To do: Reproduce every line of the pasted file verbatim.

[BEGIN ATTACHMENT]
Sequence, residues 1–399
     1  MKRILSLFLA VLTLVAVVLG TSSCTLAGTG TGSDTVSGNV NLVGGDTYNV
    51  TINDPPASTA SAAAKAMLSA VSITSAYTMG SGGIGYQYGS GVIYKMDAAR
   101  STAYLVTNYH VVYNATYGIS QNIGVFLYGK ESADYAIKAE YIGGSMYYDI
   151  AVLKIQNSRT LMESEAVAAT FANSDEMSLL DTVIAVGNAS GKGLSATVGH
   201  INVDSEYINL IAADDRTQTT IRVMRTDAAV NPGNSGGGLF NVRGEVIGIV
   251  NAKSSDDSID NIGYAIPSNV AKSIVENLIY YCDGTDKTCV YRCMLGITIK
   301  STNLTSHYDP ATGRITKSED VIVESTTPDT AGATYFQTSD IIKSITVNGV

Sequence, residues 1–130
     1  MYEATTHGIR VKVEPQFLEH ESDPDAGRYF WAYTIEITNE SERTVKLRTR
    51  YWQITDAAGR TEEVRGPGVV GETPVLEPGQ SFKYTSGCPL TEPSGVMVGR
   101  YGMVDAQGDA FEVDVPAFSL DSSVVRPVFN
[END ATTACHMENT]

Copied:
Sequence, residues 1–399
     1  MKRILSLFLA VLTLVAVVLG TSSCTLAGTG TGSDTVSGNV NLVGGDTYNV
    51  TINDPPASTA SAAAKAMLSA VSITSAYTMG SGGIGYQYGS GVIYKMDAAR
   101  STAYLVTNYH VVYNATYGIS QNIGVFLYGK ESADYAIKAE YIGGSMYYDI
   151  AVLKIQNSRT LMESEAVAAT FANSDEMSLL DTVIAVGNAS GKGLSATVGH
   201  INVDSEYINL IAADDRTQTT IRVMRTDAAV NPGNSGGGLF NVRGEVIGIV
   251  NAKSSDDSID NIGYAIPSNV AKSIVENLIY YCDGTDKTCV YRCMLGITIK
   301  STNLTSHYDP ATGRITKSED VIVESTTPDT AGATYFQTSD IIKSITVNGV

Sequence, residues 1–130
     1  MYEATTHGIR VKVEPQFLEH ESDPDAGRYF WAYTIEITNE SERTVKLRTR
    51  YWQITDAAGR TEEVRGPGVV GETPVLEPGQ SFKYTSGCPL TEPSGVMVGR
   101  YGMVDAQGDA FEVDVPAFSL DSSVVRPVFN